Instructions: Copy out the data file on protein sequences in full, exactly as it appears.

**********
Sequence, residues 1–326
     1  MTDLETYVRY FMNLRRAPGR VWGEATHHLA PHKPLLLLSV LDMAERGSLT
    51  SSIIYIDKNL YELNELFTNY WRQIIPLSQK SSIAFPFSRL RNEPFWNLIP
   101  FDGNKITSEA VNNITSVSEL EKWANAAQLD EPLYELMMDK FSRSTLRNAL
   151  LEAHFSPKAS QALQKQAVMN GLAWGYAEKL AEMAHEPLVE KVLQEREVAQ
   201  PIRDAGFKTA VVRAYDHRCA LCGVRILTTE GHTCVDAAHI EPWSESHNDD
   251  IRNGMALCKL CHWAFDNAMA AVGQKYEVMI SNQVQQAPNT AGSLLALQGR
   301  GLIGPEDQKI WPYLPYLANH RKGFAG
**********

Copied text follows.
Sequence, residues 1–326
     1  MTDLETYVRY FMNLRRAPGR VWGEATHHLA PHKPLLLLSV LDMAERGSLT
    51  SSIIYIDKNL YELNELFTNY WRQIIPLSQK SSIAFPFSRL RNEPFWNLIP
   101  FDGNKITSEA VNNITSVSEL EKWANAAQLD EPLYELMMDK FSRSTLRNAL
   151  LEAHFSPKAS QALQKQAVMN GLAWGYAEKL AEMAHEPLVE KVLQEREVAQ
   201  PIRDAGFKTA VVRAYDHRCA LCGVRILTTE GHTCVDAAHI EPWSESHNDD
   251  IRNGMALCKL CHWAFDNAMA AVGQKYEVMI SNQVQQAPNT AGSLLALQGR
   301  GLIGPEDQKI WPYLPYLANH RKGFAG